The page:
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Insight & Opinion

What will pension reforms mean for the UK?

Author: Gemma





Pensions have been going through a period of reformation for some time now, with the government’s auto-enrolment being rolled out earlier this year having been one of the largest changes seen in many years.

In less than four months, further pension reforms, described by some as ‘radical’ will come into force across the UK. But what will these mean for people across the country?

The biggest change for savers over the age of 55 is that from April they will be able to take a number of small lump sums from their pension savings (of which 25 per cent will be tax free). This widely anticipated reform replaces the older system in which pensioners who took a single large lump sum were generally having to buy an annuity with the rest of their money.

So who benefits? The main benefactors will be people who have large pension pots saved up, because they will generally be able to pay less tax than they would have before. According to the Guardian, those who take their pension in lump sums will be able to avoid paying 40 per cent tax.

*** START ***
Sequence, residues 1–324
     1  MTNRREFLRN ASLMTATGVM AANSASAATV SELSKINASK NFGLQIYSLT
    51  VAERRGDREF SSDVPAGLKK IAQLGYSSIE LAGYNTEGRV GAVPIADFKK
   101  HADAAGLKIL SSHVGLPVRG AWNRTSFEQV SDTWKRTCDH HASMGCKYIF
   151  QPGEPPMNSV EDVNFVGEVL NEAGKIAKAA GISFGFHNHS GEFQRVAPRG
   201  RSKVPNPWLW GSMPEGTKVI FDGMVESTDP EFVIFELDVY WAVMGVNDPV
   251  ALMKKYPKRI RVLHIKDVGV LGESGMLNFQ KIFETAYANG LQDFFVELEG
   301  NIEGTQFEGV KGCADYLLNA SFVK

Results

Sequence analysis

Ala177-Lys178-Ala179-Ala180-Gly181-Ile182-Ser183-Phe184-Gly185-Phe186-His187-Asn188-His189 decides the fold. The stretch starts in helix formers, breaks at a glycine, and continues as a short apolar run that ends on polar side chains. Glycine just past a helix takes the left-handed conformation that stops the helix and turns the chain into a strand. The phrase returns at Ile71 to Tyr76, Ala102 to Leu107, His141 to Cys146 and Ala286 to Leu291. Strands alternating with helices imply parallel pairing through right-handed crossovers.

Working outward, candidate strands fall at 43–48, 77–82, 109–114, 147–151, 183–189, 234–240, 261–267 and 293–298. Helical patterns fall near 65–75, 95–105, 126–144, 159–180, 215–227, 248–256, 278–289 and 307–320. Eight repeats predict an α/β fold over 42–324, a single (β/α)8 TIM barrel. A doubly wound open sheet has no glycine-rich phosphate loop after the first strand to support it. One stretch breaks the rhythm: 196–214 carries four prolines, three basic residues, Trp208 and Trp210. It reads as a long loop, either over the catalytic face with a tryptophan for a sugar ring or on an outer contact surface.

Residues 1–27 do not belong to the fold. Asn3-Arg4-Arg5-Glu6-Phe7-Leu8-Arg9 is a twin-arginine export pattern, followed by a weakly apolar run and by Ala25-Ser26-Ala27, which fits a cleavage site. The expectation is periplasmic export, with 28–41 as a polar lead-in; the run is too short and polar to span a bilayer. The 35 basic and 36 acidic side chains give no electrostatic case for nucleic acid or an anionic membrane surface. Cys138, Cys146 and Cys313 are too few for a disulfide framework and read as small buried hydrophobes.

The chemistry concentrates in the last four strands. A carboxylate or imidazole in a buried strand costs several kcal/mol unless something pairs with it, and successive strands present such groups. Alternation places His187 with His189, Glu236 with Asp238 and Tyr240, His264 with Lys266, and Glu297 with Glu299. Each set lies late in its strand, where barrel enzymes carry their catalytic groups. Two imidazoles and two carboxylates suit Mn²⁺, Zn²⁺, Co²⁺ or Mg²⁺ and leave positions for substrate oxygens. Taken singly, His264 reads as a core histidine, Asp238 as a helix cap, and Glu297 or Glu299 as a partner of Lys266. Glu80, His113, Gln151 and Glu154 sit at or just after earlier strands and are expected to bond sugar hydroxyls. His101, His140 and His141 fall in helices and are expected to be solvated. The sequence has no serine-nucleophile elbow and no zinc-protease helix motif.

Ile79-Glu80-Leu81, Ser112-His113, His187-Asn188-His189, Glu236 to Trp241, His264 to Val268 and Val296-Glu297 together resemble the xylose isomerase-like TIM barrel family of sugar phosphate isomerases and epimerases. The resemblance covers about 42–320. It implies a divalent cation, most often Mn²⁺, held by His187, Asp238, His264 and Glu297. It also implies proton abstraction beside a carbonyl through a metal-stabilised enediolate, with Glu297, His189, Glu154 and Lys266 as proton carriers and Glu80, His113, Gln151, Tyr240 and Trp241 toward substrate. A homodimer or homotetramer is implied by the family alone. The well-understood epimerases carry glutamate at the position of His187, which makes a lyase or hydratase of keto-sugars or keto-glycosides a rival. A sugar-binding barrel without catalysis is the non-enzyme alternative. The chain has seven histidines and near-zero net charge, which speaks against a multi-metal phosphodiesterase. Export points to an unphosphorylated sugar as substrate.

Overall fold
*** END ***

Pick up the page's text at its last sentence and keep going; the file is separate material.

For example, anyone with a £200,000 pot can accept their money as four lump sums of £50,000. Under the reformed rules, they would only need to pay income tax on £37,500 of this per year, receiving £12,500 tax free. Over four years, this would mean paying just £22,000 rather than more than £50,000 in tax.

For those on a smaller tax pot – for example £40,000 – the benefits will be less prominent, but there can still be some. For example, if they defer their state pension for a number of years and take their pot in four lump sums of £10,000 then personal allowance will kick in thanks to the 25 per cent tax-free rule, meaning they effectively have access to the money tax free.

The best way to take advantage of the reforms as a whole for older people, according to the Guardian, is to slowly take money out of a pension pot to make sure they don’t get hit by hard tax, as well as making use of the £15,000 ISA allowance to make the most of their money.

However, if you are considering this, remember that there are still exceptions. While you don’t strictly need to be retired under these new rules to take money out of your pension fund, you do need to be older than 55. Anyone younger than this will be subject to the older rules and will still pay tax as they would have done in the past, leaving them with less in their pocket.

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